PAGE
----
The West has long had a thing for Che Guevara, a doctrinaire Marxist and homicidal maniac of particular note. In the more than four decades since his death, his iconic countenance has adorned tee shirts, caps, and mugs, and companies have used his face to sell their products.
This past January, in fact, Mercedes-Benz’s chairman, Dieter Zetsche, unveiled a new car on a stage whose back wall featured a floor-to-ceiling picture of the Cuban revolutionary and Castro comrade-in-arms.
Still, the news that a town in Ireland – a land better known for shamrocks and Saint Patrick – has fallen victim to Che’s ghoulish appeal reminds us just how much historical ignorance and moral confusion plague the West, and it should prompt sober-minded people of all stripes to voice their displeasure.
At the seaside resort of Kilkee, in the city of Galway, planning is underway for a festival in September that will celebrate the life and times of Che, whose grandmother was born in Galway and who spent time there in 1961, according to reports from IrishCentral.com and other outlets.
Che’s eldest daughter will be the guest of honor and Galway plans to unveil a statue in his honor. The embassies of Cuba and Argentina, where Che was born, have offered financial help to build the statue.
“The Che Guevara image created by Irish artist Jim Fitzpatrick has become as famous as the Coca Cola logo and is recognized as one of [the] enduring images of the 20th Century,” an event spokesman said. “We are proud to say that this image was the product of that fateful meeting between Guevara and Mr. Fitzpatrick in Kilkee.”
True, Fitzpatrick has done as much as anyone to make Che a figure of enduring Western fascination. But, that’s hardly a reason for Che-worship by the good people of Kilkee or Galway or Ireland – or anywhere else.
For those who need a refresher, Che Guevara was born in Argentina, radicalized by the poverty he witnessed during his early travels across Latin America, joined Fidel Castro’s revolutionary movement, and rose to second-in-command in the effort to topple Cuban dictator Fulgencio Batista.
He was ruthless and cold-blooded, one who glorified violence, killed and ordered others to kill without hesitation, and opted for murder even if merely suspecting that someone might oppose him.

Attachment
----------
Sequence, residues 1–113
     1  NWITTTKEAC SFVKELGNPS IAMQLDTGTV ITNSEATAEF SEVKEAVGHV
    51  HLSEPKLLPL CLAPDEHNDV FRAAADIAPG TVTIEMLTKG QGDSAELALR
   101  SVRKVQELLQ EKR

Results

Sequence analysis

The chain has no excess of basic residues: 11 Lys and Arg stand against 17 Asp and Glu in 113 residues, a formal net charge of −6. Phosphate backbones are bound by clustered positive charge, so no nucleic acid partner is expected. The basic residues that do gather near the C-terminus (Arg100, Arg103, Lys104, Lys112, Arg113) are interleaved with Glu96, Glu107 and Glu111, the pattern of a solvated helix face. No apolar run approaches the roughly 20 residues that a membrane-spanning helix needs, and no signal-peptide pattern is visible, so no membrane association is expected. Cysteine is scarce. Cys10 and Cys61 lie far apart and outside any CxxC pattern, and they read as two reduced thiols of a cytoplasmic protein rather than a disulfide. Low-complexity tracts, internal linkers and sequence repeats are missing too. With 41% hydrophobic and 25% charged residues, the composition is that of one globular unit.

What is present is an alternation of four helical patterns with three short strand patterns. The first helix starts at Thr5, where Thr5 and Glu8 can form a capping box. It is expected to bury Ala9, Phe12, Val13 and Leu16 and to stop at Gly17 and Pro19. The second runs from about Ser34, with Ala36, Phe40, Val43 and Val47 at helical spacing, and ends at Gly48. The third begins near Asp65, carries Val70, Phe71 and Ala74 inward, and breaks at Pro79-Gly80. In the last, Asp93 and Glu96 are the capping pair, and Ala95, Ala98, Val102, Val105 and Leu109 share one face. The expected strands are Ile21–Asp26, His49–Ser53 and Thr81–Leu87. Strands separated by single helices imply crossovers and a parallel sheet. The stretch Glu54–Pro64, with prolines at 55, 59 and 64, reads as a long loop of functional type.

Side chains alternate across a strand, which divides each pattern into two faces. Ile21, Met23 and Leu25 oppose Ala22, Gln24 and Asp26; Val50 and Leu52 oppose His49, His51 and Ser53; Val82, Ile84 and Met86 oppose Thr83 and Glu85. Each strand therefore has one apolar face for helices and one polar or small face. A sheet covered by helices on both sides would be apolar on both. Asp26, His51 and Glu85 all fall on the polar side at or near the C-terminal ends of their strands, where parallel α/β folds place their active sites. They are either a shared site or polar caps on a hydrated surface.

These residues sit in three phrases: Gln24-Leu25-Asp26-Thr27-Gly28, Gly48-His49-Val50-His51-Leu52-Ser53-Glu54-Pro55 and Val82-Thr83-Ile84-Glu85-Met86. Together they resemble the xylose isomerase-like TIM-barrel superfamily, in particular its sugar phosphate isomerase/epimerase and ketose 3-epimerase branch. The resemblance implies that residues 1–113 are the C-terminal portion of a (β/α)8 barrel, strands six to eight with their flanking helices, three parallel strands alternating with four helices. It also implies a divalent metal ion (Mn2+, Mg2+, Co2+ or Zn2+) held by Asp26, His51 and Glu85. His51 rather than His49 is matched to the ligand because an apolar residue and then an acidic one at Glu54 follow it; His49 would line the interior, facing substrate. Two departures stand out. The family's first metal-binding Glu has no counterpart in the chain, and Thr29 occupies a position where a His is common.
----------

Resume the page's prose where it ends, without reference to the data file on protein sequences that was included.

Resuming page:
“Here in the Cuban jungle, alive and bloodthirsty,” he wrote to his wife after reaching Cuba in early 1957, according to a New Republic retrospective of a few years ago by Peruvian writer Alvaro Vargas Llosa.
Also in early 1957, his diary reveals, he shot someone whom he suspected of leaking information, writing chillingly, “I ended the problem with a .32 caliber pistol, in the right side of his brain.”
Che put words to action most forcefully when Castro put him in charge of La Cabana prison. There, he presided over quick trials of former Batista officials, businessmen, journalists, and others. The revolutionary tribunal ruled, the appellate court (over which Che presided) confirmed the rulings, and the executions proceeded – anywhere from a few hundred to perhaps a thousand or more.
When not approving death sentences, Che was sending the revolution’s purported enemies to camps for years of hard labor. Labor camps evolved into concentration camps for the “unfit” – Catholics, dissidents, AIDS victims, and others – who were raped, beaten, mutilated, or otherwise traumatized.
A fan of the Soviet Union, he played a key role in creating a secret police to subjugate the Cuban people and enforce the revolution.
“Hatred is the central element of our struggle!” Che said in a 1966 speech, a year before he was captured while fomenting revolution in Bolivia and executed. “Hatred that is intransigent…hatred so violent that it propels a human being beyond his natural limitations, making him violent and cold- blooded killing machine…We reject any peaceful approach.
“Violence is inevitable,” he continued.” To establish Socialism rivers of blood must flow! The imperialist enemy must feel like a hunted animal wherever he moves. Thus we’ll destroy him! These hyenas are fit only for extermination. We must keep our hatred alive and fan it to paroxysm! The victory of Socialism is well worth millions of atomic victims!”
Galway’s upcoming celebration has drawn a strong rebuke from House Foreign Affairs
Committee Chairwoman Ileana Ros-Lehtinen, who was born in Havana and fled Cuba when she was eight to escape the horror that Che helped to create.
“Che Guevara was a mass murderer and a human rights abuser, whose campaign led to the murder of countless people throughout Cuba, under the Castro regime, and Latin America,” she wrote recently to Irish Prime Minister Enda Kenny, asking his government to “honor the victims of Che and the Castro dictatorship by rejecting this proposal.”
That Ros-Lehtinen probably won’t get her way says something profoundly disturbing about the West’s moral compass.